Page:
Wild watermelon, also known as Citrullus lanatus var. citroides, is a species of watermelon that is native to Africa. Unlike the more common domesticated watermelon, wild watermelon is small and bitter, with a tough rind and small seeds. It is not typically grown for human consumption, but is instead used as a rootstock for grafting more desirable varieties of watermelon. Wild watermelon has been used for medicinal purposes in some African cultures, and its seeds are often used in traditional medicine to treat a variety of conditions, including diabetes, high blood pressure, and urinary tract infections. However, it is important to note that more research is needed to determine the effectiveness and safety of these uses. Overall, while wild watermelon may not be a popular food crop, it has important cultural and medicinal uses in certain parts of the world.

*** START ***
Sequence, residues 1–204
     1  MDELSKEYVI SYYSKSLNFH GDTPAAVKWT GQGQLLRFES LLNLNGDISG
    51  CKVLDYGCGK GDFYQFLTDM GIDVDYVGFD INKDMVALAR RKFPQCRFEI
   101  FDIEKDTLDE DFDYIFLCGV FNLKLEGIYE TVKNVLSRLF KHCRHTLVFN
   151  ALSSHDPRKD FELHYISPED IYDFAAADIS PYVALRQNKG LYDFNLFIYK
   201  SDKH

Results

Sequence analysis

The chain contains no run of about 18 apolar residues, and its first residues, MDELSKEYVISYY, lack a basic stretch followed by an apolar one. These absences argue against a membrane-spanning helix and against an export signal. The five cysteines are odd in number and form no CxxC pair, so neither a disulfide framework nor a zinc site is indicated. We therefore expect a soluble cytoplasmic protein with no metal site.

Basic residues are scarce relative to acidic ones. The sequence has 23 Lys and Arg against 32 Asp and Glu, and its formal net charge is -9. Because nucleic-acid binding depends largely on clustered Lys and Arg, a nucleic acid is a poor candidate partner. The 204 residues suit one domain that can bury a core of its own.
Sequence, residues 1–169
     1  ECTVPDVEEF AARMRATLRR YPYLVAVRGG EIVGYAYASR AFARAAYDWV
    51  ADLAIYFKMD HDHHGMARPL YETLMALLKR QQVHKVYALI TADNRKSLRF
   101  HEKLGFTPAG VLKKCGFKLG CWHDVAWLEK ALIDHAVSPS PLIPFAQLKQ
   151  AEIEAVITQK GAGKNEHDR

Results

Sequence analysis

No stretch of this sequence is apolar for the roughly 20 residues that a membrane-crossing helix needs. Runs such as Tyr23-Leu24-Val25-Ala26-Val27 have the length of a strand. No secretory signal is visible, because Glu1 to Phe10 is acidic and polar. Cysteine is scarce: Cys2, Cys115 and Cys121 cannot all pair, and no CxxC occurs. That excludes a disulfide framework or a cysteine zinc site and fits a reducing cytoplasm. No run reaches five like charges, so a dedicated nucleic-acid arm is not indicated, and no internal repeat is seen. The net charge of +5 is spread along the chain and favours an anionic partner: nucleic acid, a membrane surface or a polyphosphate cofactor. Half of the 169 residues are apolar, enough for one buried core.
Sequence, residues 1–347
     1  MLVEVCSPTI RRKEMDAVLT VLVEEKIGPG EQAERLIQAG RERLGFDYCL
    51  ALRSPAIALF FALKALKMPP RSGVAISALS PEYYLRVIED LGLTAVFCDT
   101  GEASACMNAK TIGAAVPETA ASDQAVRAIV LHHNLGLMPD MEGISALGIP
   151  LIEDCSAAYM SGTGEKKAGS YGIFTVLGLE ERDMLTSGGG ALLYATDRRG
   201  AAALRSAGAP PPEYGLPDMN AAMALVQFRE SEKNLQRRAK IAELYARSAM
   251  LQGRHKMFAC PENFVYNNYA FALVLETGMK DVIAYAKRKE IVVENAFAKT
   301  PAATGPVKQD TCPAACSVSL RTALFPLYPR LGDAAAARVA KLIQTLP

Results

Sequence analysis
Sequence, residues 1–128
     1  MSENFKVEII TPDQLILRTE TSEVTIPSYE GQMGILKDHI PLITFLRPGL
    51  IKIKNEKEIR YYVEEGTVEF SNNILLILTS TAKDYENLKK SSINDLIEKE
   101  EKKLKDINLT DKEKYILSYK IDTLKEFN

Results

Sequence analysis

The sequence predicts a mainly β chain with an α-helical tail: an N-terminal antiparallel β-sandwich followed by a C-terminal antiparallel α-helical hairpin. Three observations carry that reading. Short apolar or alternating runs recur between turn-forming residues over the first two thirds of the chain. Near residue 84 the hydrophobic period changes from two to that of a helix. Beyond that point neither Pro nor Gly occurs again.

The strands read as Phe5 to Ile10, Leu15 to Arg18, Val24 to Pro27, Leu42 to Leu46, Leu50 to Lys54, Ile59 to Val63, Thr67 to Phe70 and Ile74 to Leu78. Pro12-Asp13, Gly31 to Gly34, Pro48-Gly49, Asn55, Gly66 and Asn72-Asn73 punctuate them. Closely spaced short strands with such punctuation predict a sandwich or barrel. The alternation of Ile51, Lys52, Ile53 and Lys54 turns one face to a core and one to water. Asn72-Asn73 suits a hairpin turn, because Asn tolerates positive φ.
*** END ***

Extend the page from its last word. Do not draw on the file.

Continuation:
Watermelon is a juicy and refreshing fruit with a hard outer rind and sweet, juicy, and often pink or red flesh inside. It is typically consumed in the summer and is a popular treat due to its high water content and sweet flavour. It is also a good source of vitamins and minerals such as vitamin C, vitamin A, and potassium.